This 22-year-old has medial pain from a fall. You are shown three sagittal images (images 1-3): a T1, a simple 2D gradient-echo, and a proton density with fat suppression frequency selective. You are also shown a coronal proton density fat suppression image (image 4). Your first step is to establish if this is a meniscus tear. Spoiler alert: it’s not. What are your next steps?
Now that you’ve established this isn’t a meniscal tear, your next job is to decide what it is and if it’s a surgical meniscus. That answer is ‘no’ as well, and I’ll outline the reasons below.
- On the T1-weighted image (image 1), there is a vague, ill-defined signal in the meniscus that is not associated with signs of an axial load or translational insult such as bone contusion or subchondral fracture.
- Even though the gradient-echo image (image 2), shows prominent signal in the outer and middle thirds of the meniscus (and the patient has medial pain), such signal is:
- a. Always more prominent on gradient-echo imaging such as GRASS, FLASH, FISP and field echo
- b. The signal is window-framed by lower signal
- c. The signal does not extend into the inner third of the meniscus
- d. The signal is more intense in the outer third of the meniscus and fades as one moves inward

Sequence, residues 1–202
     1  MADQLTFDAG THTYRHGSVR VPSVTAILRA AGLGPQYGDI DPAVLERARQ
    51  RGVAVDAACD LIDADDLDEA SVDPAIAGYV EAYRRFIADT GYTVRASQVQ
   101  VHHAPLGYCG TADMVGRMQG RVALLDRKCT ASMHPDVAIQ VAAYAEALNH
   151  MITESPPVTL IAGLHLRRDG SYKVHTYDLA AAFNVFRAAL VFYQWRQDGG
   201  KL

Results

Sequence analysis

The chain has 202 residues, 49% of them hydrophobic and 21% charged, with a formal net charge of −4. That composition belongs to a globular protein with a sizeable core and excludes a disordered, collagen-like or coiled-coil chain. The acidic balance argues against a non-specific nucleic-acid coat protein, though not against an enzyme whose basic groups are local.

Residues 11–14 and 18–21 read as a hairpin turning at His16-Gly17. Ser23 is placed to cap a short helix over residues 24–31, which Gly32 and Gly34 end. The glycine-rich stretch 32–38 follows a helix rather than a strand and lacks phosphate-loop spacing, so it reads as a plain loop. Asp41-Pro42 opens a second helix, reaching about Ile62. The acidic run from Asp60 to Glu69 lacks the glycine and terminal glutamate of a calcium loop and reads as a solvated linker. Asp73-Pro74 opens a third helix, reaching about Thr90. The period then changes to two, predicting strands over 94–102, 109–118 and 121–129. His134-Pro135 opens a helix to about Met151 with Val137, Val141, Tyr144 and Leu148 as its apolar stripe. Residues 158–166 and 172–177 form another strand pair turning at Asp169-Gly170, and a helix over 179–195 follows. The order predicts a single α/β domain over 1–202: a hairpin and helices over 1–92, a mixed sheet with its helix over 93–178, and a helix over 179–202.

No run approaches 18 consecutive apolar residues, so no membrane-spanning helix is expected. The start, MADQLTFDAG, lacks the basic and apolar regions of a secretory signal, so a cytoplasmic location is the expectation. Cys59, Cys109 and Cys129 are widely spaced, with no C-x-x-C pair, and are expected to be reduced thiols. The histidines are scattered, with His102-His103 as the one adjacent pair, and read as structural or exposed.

- e. The signal is not as bright as hyaline cartilage
- f. The signal is window-framed on every border except the posterior border where such signal is allowed to communicate with the capsule
- g. No verticality or proximal to distal orientation of the signal is noted
- h. The signal slopes gently downward from posterior to anterior
- i. The signal is not globular or cystic
Now, let’s think about the various causes or names of intrameniscal signal:
- Intrameniscal tear — I’ll use this term when there are other signs of trauma such as bone contusion, cartilage contusion, and an unequivocal abnormality that preferentially involves the inner third of the meniscus. I will also use this term when there is verticality associated with the signal.
- Meniscal contusion — Ill-defined signal with amorphous shape centrally associated with overlying bone, cartilage, or soft tissue contusion and a history of trauma.
- Meniscal ossicle — It has to have the signal of bone.
- Meniscal degeneration or mucoid degeneration — The patient should be older (preferably older than 40) and there should be other signs of degeneration such as alteration in meniscal size, chondromalacia, or alteration in femoral condylar shape, conformity or tibial shift.
- Intrameniscal cyst — The signal should be round or globular and bright on a T2 spin-echo.
- Meniscal vascularity — Young (up to age 25 but usually pre-teen), no trauma to the region, preferential to the outer third
Now, take a look at image 3. The proton density fat suppression is lauded as a meniscal sensitive sequence. Yet, the signal appears to fade and almost dissipate on this image. This would not support the diagnosis of a meniscal tear.
Finally, the proton density image (image 4) in the coronal projection shows a “dead center” symmetric horizontal area of signal change that in no way goes toward the femoral surface or the tibial surface. This is typical of noncommunicating “benign” meniscal signal. In a 22-year-old, vascularity is a common cause of this pattern. For more case review, check out MRI Online.